Eyeliner: What’s best for your eye shape?

June 24, 2014 § Leave a comment

Our eyes are the windows to our soul, therefore when it comes to applying tools such as eyeliner to accentuate them, we can’t afford any amateur behavior. Choosing and using the right eyeliner is easier said than done. Just like our figures, eyes come in all different shapes and sizes and we must work around what we have. There are multiple forms of eyeliners as well as styles in wearing them. But before we pick which eyeliner is the best fit, it’s crucial to determine the shape of our eyes.

There are multiple types of eye shapes; a few most-common categories include almond, asian/monolid, hooded and protruding.

Professional makeup-artist Jeffrey Paul, who has worked on stars such a Zooey Deschanel, shone light on utilizing our features properly in a post on beauty-platform, Beautylish. Here are some of the guru’s tips:

orig-3Almond: No need for explaining the origin of this name. When it comes to eyeliner, pencil or a dark shadow works best. A thin to medium line on the top lid while drawing in the bottom outer lid creates a flawless effect.

orig-2Asian/Monolid: These eyes are small, have a flatter lid with not much of a crease. Because of the lack in crease, using liquid liner to draw a thin line establishes a look with less of a dramatic impact.

orig-1Hooded: Imagine a hood over your lid- there is a droop in the skin that causes the overall eye to appear smaller. “To draw the focus upward, diffuse darker shadow over and out past the crease,” Jeffrey tells Beautylish.

origProtruded: Here, lids are projected and therefore make your eyes look even bigger. Anyone who loves playing around with thickness in eyeliner is lucky due to the extra room your lids provide! Pencil or liquid for a thick line is your best choice.

www.elluminize.com

Fashion History: 1940s

June 18, 2014 § Leave a comment

victoria-stationWith WWII in full force, every detail of the 1940s had great impact by the war, even including the fashion. Militaristic styles for both men and women were surfaced into nationwide trends. Not only did the war influence Americans on popular styling, but also told them what fabrics were accessible as clothing options. Common resources such as wool were limited and as the war progressed many fabrics were being provided for military purposes. Use of color for both men and women emulated the shadows of war; black, navy, greys and other dark tones were worn.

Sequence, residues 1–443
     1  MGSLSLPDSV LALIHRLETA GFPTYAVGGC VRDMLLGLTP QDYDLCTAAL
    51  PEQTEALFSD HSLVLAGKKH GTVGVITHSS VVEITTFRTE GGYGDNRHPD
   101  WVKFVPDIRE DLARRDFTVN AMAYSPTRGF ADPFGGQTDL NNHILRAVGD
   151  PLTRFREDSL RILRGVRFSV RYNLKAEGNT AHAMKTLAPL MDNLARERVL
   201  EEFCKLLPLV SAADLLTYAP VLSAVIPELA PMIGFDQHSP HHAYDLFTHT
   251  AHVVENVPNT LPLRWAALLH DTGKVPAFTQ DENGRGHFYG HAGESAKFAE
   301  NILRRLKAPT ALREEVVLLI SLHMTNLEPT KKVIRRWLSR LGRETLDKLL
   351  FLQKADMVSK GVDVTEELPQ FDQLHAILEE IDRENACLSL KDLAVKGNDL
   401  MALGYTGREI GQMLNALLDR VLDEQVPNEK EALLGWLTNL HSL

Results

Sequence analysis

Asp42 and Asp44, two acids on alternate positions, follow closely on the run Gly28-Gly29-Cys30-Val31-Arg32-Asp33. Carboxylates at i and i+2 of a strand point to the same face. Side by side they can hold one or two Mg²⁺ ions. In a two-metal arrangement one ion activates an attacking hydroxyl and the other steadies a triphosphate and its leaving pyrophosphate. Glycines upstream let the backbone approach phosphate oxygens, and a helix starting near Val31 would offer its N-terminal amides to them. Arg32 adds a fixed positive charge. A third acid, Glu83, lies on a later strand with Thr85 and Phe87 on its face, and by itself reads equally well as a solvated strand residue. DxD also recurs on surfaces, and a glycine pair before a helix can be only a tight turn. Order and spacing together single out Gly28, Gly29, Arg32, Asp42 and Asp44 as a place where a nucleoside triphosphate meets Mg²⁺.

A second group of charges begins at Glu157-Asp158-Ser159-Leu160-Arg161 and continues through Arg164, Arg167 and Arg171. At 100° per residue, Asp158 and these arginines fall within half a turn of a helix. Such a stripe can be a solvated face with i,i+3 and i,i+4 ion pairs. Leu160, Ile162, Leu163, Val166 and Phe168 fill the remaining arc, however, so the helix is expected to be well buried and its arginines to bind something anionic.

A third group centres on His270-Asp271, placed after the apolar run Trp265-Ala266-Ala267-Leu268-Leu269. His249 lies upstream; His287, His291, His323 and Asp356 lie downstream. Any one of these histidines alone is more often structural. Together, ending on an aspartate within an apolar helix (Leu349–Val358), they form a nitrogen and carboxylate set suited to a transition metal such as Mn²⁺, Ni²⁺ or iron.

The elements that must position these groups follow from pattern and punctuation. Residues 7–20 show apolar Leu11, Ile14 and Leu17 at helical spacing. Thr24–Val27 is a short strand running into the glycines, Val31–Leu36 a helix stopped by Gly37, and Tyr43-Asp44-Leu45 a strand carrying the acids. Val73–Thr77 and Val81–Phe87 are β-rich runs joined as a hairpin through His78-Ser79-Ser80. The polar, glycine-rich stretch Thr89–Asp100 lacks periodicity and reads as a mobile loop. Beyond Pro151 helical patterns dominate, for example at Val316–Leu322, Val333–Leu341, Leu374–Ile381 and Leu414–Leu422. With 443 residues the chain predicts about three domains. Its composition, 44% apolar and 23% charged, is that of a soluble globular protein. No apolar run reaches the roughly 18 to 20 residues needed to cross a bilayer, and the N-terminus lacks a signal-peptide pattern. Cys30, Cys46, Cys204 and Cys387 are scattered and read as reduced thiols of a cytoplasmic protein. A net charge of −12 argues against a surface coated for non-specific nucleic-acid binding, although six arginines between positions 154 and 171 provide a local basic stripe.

While women were advised via magazine to utilize the contents in their closet, room for advancementimages-1 in fashion was limited; however, styles continued to alter throughout the years. Dresses did not elongate to the ankles anymore; outfits cut off at the knee or a few inches below the knee. Dresses were fitted above the waist, and below, the rest either flowed or was tight. Broad shoulders for women became popular, dresses and jackets usually hosted shoulder-pads to add to a militaristic look. Difference in hairstyle was a big trend produced from the 40s. Many women began wearing their hair down, falling in curls at the shoulders and bangs curled and pinned on top.

In terms of men’s fashion, it’s really all about the reconstruction of the suit over the decades. For these wartime years, the suit jacket was oversized with wide shoulders. The pants were looser than times before and held a lower crotch. White collared shirts, ties and pocket-squares dominated closets. Knitted sweater vests remained in fashion as well as fitted hats.

40s collage

www.elluminize.com

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